Most of the game was played with the ball in Coral Park territory, but time and time again Rams goalkeeper Edward Morales, converted from being a field player last year, protected his net.

“When I started this season I had no goalie,” Coral Park coach Michel Fotso said. “I asked him to volunteer to be trained to be goalie. He accepted it. He has improved tremendously.

“That’s the first time he’s ever played goalie.”

Coral Park will play the runner-up of the District 16-5A final between Coral Reef and South Dade in the regional quarterfinals, and Gables will face the winner of the match being played Friday.



Pace 60, Mater Lakes 18: Fastest pins: 132: Mel Hilarire in :20. 160: Aaron Fluitt in :27. 152: Ale Smith in :33. 128: Alex Perez in 1:34. 145: Godwin Ferrier in 1:50. 113: Mattias Wettergren in 1:54.


•  Late Wednesday — District 16-5A semifinal — Coral Reef 1,Varela 0


•  Hebrew Academy 58, Hillel 8 - HA (13-0): Gordon 21, Weiss 11, Moyal 9, Matis 16, Chami 2. HIL: Brener 3, Liebman 5. Halftime: HA 39-2. Rebounds: Gordon 8. Assists: Moyal 9. Steals: Chami 5

•  Palmer Trinity 54, Ransom Everglades 41 - RE (17-4): Crotty 6, Lopez 14, Smith 2, Oppenheim 4, Deutch 11, Hallman 2. PT (20-4): Gonzalez 2, James 2, Smith 7, Granada 24, Parten 9, Waldman 6. Halftime: RE 19-17. Three pointers: Granada, Lopez 3, Deutch, Smith. Rebounds: Parten 11. Assists: James 3. Steals: Granada 5.

•  Late Tuesday — GMAC quarterfinal — South Miami 58, Northwestern 33 - SM: Brown 10, Puertas 6, Graham 14. KD Brown 4, King 10, C. Ayerdis 3, Evans 11. NW: Noble 3, Allen 11, Dawkins 4, Horne 2, Gun 4, Stalworth 9. Rebounds: Evans 10, Brown 10. Steals: Graham 10. Assists: Graham 3


•  Westland Hialeah 52, Hialeah Miami Lakes 50 - WH (5-12): Chirino 17, Menendez 9, Canedo 9, Gonzalez 8, D. Hernandez 7, Suarez 2. HML: Boidanich 18, Culestino 17, Carvajal 8, Santana 2, Franscois. Halftime: WH 30-22. Rebounds: Gonzalez 12. Assists: D.Hernandez 8. Steals: Canedo 4, D.Hernandez 4.

•  Palmetto 60, Columbus 45 - PAL (16-7): Povea 14, Coffey 10, De la Cruz 11, Malagon 8, Mulett 7, Koss 4, Parlic 2, Larmon 2, Tobar 2. COL: Minervino 15, Rico 11, O’Brien 8, Vanzant 4, Durant 2, Sawyer 2, Cortina 2, Fernandez 2, Melendez 1. Halftime: COL 22-21. Three-pointers: Minervino 3, De la Cruz 2, Mulett, Povea, Rico, O’Brien. Rebounds: Coffey 8. Assists: Schulz 3. Steals: Povea 2. Blocks: Povea

•  Palmer Trinity 56, Princeton 23 - PT (7-11): Becker 14, Chumbley 8, Bonet 8, Portrondo 6, Marley-Minto 4, Peterson 3, Beauperthuy 3, Chao 2, Roberts 2, DaGrosa 2, Dorsy 2, Miller 2. PRIN (1-14): Sejas 9, Herrmann 8, Victoria 4, Colao 2 Halftime: PT 26-8. Three-pointers: Herrmann 2. Rebounds: Becker 5. Steals: Dorsy 2, DaGrosa 2. Assists: Bakes 2, Dorsy 2. Blocks: Becker 2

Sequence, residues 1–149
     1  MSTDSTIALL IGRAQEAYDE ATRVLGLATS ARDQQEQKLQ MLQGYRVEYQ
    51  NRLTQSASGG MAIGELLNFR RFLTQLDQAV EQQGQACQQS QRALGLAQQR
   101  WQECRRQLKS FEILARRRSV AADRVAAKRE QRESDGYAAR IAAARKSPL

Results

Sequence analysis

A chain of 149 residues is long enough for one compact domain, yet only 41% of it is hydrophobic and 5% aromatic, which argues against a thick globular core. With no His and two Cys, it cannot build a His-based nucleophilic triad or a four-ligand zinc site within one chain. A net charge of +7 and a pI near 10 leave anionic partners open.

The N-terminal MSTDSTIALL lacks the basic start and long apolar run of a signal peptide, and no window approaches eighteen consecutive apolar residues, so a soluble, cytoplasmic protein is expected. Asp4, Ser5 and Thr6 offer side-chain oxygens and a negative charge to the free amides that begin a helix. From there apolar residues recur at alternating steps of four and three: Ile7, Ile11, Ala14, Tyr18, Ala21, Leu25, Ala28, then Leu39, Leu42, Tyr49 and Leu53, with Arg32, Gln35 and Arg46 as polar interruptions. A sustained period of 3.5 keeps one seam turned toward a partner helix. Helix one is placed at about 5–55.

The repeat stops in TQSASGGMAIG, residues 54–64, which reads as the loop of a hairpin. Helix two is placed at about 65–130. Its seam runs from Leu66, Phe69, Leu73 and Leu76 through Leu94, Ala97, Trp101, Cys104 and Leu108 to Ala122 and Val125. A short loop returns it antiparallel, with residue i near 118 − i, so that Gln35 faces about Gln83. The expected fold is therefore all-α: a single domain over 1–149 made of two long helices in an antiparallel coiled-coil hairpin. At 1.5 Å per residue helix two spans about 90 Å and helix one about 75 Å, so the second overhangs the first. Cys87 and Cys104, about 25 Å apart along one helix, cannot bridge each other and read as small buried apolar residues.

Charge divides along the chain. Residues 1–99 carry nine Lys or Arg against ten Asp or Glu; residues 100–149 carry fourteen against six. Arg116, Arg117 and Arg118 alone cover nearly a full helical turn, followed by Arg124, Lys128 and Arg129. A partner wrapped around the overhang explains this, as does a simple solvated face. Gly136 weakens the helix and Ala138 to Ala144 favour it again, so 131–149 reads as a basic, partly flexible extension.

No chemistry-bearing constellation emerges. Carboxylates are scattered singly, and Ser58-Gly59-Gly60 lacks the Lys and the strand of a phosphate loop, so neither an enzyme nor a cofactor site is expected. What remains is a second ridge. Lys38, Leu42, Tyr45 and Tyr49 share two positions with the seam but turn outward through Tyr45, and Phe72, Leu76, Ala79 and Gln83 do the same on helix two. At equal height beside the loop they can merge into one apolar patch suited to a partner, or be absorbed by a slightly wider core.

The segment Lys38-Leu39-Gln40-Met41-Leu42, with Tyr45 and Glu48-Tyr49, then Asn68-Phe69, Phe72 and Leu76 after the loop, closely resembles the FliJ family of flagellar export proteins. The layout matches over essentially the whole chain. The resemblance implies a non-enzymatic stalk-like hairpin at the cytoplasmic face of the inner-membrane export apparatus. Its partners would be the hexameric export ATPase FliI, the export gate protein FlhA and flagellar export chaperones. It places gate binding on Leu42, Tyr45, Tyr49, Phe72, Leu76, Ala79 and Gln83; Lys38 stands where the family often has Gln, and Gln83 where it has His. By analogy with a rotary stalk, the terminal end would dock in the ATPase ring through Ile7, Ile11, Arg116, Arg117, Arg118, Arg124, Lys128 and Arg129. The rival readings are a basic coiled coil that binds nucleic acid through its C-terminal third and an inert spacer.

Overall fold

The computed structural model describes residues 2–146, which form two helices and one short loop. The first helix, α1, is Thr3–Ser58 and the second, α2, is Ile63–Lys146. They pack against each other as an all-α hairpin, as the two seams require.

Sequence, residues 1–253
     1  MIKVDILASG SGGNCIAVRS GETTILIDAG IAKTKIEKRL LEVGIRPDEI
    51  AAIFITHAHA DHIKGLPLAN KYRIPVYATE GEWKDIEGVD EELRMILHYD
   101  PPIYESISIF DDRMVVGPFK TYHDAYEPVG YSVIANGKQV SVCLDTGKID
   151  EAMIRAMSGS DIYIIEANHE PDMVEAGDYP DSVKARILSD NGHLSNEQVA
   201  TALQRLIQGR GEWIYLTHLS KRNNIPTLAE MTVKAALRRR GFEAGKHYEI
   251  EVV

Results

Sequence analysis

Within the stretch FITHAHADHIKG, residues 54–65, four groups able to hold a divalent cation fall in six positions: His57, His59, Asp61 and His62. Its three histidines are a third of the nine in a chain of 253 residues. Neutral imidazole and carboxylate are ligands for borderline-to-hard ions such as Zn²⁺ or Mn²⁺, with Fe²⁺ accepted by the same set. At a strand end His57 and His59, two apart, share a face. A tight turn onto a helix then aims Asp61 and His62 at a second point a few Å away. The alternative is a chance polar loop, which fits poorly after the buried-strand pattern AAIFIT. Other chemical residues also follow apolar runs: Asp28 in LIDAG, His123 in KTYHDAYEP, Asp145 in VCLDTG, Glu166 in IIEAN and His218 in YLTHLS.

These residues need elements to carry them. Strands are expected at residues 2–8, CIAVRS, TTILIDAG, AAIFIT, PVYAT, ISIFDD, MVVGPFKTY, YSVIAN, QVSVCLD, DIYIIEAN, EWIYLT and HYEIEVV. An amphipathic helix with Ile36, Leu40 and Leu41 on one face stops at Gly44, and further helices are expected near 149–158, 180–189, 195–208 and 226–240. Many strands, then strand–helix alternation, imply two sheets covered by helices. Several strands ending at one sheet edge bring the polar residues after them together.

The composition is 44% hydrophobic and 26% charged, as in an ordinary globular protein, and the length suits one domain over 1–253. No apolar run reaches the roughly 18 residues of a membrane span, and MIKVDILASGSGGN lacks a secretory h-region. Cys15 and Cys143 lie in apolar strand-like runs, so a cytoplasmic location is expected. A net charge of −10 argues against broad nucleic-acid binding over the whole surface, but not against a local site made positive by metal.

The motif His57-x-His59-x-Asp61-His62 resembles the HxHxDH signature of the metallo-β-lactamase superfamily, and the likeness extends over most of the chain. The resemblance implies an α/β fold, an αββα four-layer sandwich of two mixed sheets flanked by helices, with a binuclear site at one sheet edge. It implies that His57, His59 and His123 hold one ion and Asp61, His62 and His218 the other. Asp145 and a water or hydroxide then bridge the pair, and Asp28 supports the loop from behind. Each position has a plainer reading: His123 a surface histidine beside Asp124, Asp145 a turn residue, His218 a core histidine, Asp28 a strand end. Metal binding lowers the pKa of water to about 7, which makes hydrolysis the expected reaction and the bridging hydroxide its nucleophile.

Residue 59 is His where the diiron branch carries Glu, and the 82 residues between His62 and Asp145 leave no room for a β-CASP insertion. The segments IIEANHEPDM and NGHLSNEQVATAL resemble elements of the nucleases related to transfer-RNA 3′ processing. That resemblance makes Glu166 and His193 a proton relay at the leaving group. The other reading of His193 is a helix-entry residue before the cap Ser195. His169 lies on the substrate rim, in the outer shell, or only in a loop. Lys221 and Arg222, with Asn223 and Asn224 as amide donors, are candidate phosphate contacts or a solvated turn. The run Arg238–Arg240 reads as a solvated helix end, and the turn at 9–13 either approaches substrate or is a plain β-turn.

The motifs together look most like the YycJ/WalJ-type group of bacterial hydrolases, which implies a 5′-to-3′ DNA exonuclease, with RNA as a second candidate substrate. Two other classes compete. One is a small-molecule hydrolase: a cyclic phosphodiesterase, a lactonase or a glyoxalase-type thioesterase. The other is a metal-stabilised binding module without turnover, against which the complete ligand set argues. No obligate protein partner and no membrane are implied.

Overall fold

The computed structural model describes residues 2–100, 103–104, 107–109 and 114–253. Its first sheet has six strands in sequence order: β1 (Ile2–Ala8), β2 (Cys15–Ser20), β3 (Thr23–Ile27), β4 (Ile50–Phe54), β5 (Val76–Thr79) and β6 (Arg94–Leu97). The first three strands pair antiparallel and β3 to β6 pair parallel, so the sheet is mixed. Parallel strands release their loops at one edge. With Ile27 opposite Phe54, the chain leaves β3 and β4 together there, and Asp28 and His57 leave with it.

•  Dade Christian 55, Hillel 42 - DC: Miller 11, Sampson 15, Dana Ferguson 3, Dev Ferguson 18, Vallejo 2, Batten 4, Young 2. HIL: Kaswan 14, Wainer 9, Elharrar 2, Fromizon 2, Burstyn 2, Babani 3, Teichner 2, Otiayon 9. Halftime: DC 25-17. Three-pointers: Miller 3, Ferguson 3, Kaswan 4, Wainer, Babani. Rebounds: Sampson 13. Assists: Sampson 7. Steals: Dev Ferguson 6

• Hebrew Academy 65, MAST 23 - HA (12-6): Schechter 22, Abramowitz 17, Esformes 9, Masin 7, Paul 6, Furst 4. MAST: Zarate 6, Martinez 6, Hiller 5, Morales 4, Michel 2. Halftime: HA 51-17. Three-pointers: Abramowitz 2, Esformes, Masin, Martinez, Hiller. Rebounds: Abramowitz 10. Assists: Abramowitz 6, Schechter 6. Steals: Abramowitz 5

• Late Wednesday — Archbishop Carroll 67, Calusa Prep 27 - AC (20-4): Brimah 11, Lima 10, Leon 10, Levitt 7, Amaro 7, Gabuardi 7, Brown 6, Garcia 6, Cohen 3. CP: Desinor 10, Uyaelunmo 6, Leonard 4, Bowes 3, Alfonso 2, Vargas 2. Halftime: AC 36-19. Three-pointers: Leon 2, Amaro, Levitt, Gabuardi, Bowes. Rebounds: Brimah 8, Brown 8. Assists: Garcia 5. Steals: Amaro 3

•  Late Wednesday — TERRA 52, Coral Shores 40 - TER (12-10): Morales 6, Fernandez 15, Munoz 11, Guttierez 2, Melamud 4, Mayor 2, Guzman 6, Martinez 2, Schau 4. CS: Cabral 7, Scott 2, Anderson 7, Mokher 4, Ismer 20. Halftime: TER 27-17. Assists: Morales 6

•  Late Wednesday — Miami Country Day 68, Hillel 32 - MCD (16-5): Clements 4, Cordero 5, Parizo 17, Woodside 11, Alvarez 10, Sherwood 2, Zimmer 2, Gomez 2, Kydd 14, Thixton 1. HIL: Wainer 6, Elharrar 5, Paniry 2, Burstyn 3, Babani 8, Serfaty 6, Teichner 2. Three-pointers: Parizo 2, Alvarez 2, Elharrar, Burstyn, Babani 2, Serfaty 2 Rebounds: Kydd 8. Assists: Sherwood 6

• Late Wednesday — Champagnat 56, Hebrew Academy 39 - CHA: Holanda 18, Labranche 16, Domingues 11, Leadon 8, Mackey 2, Nairm 1. HA (11-6): Abramowitz 20, Schechter 7, Furst 4, Esformes 3, Masin 3, Paul 2. Halftime: CHA 22-18. Three-pointers: Abramowitz 2, Holanda 2, Esformes, Masin, Labranche. Rebounds: Abramowitz 13. Assists: Schechter 4. Steals: Masin 3